Many new businesses are structured as limited liability companies (LLCs), which offer key advantages over other business entities. An LLC is a type of business that can be formed by one or more people (or entities). The owners each participate in the management of daily business operations and have limited liability for business debts and obligations.
An LLC blends certain positive attributes of a:
State laws governing LLCs might vary, but typically LLCs offer five main advantages for new businesses.
An LLC is viewed as a legal entity separate from its individual members or owners. Similar to shareholders of a corporation, an LLC owner is not personally liable for the LLC's debts or legal liabilities. For example, if your LLC has $5,000 in debt, the creditors probably can't come after you personally to recover the money.
The LLC owner can usually only lose their capital contribution to the business—like corporate shareholders. For example, suppose Hunter and Cody have an LLC together. Hunter invests $20,000 into the company, and Cody invests $30,000. The LLC struggles to take off and accumulates $70,000 in debt. The LLC can use the $20,000 Hunter invested and the $30,000 Cody contributed to partially pay off the business's debts. While Hunter and Cody will lose their investments, they won't need to use any of their own money to pay the remaining $20,000 in business debt.
An LLC's legal obligations usually don't put the LLC owner's personal assets, such as a home or individual bank account, at risk. Creditors can't come after your—or, if you're married, your spouse's—personal assets to pay the business debts.
For instance, if your business owed $10,000 to a creditor, the creditor could only sue the business, and not you personally, to recover the debt.
As with other business organizations, you could still be personally liable for business debts in some instances, such as when:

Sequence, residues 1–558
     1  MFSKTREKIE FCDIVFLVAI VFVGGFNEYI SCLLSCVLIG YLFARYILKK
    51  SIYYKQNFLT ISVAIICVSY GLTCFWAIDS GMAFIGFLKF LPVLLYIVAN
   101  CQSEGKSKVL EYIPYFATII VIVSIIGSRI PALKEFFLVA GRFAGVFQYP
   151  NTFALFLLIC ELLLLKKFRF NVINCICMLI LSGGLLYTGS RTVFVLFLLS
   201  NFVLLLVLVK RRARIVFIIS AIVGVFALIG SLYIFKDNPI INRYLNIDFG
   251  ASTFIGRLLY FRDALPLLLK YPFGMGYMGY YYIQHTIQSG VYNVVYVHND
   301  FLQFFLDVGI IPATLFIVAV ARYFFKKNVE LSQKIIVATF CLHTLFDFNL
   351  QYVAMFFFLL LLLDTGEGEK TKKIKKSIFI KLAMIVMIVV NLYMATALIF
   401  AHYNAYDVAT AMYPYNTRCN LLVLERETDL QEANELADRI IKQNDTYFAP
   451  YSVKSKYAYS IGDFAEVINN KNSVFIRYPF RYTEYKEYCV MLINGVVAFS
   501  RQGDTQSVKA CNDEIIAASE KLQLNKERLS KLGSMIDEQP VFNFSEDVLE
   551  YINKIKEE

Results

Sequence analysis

For more information, read about when you might be personally liable for LLC debt.
State laws usually apply equal management responsibilities and duties to LLC owners. But LLC members (or owners) are generally free to set their own rules for how the LLC is managed and operated.
You can spell out each member's role and responsibilities in an operating agreement. An operating agreement is the governing document for an LLC, and every LLC should have one—especially if you don't want to follow the default rules in your state's LLC laws.
You can specify which member handles or is in charge of the business's:
Entrepreneurs are self-starters who prefer to chart their own courses. Most states recognize a single-member LLC, which means that you can be the sole owner of your business. As a single-member LLC, you can make your own business decisions without having to consult with and receive approval from:
Like a sole proprietor, you own, manage, and operate your business, but without the same liability issues of a sole proprietor.
Because LLCs are not recognized entities for tax purposes, owners have to elect how they want their LLCs to be taxed. You can choose to have your LLC taxed as a:
There are advantages (and disadvantages) to each tax structure. Corporations typically have lower tax rates but you face double taxation. Both the business and the individual owners are taxed on the business's income. Alternatively, S corporations and partnerships are known as "pass-through" entities, and only the owners are taxed, not the business. (For more information on how corporations and LLCs are taxed, read our article on corporations and S corporations vs. LLCs.)
Single-Member LLCs are taxed as sole proprietors. If you're the only owner of your LLC, then you're considered a sole proprietor for tax purposes. You'll also be considered a pass-through entity.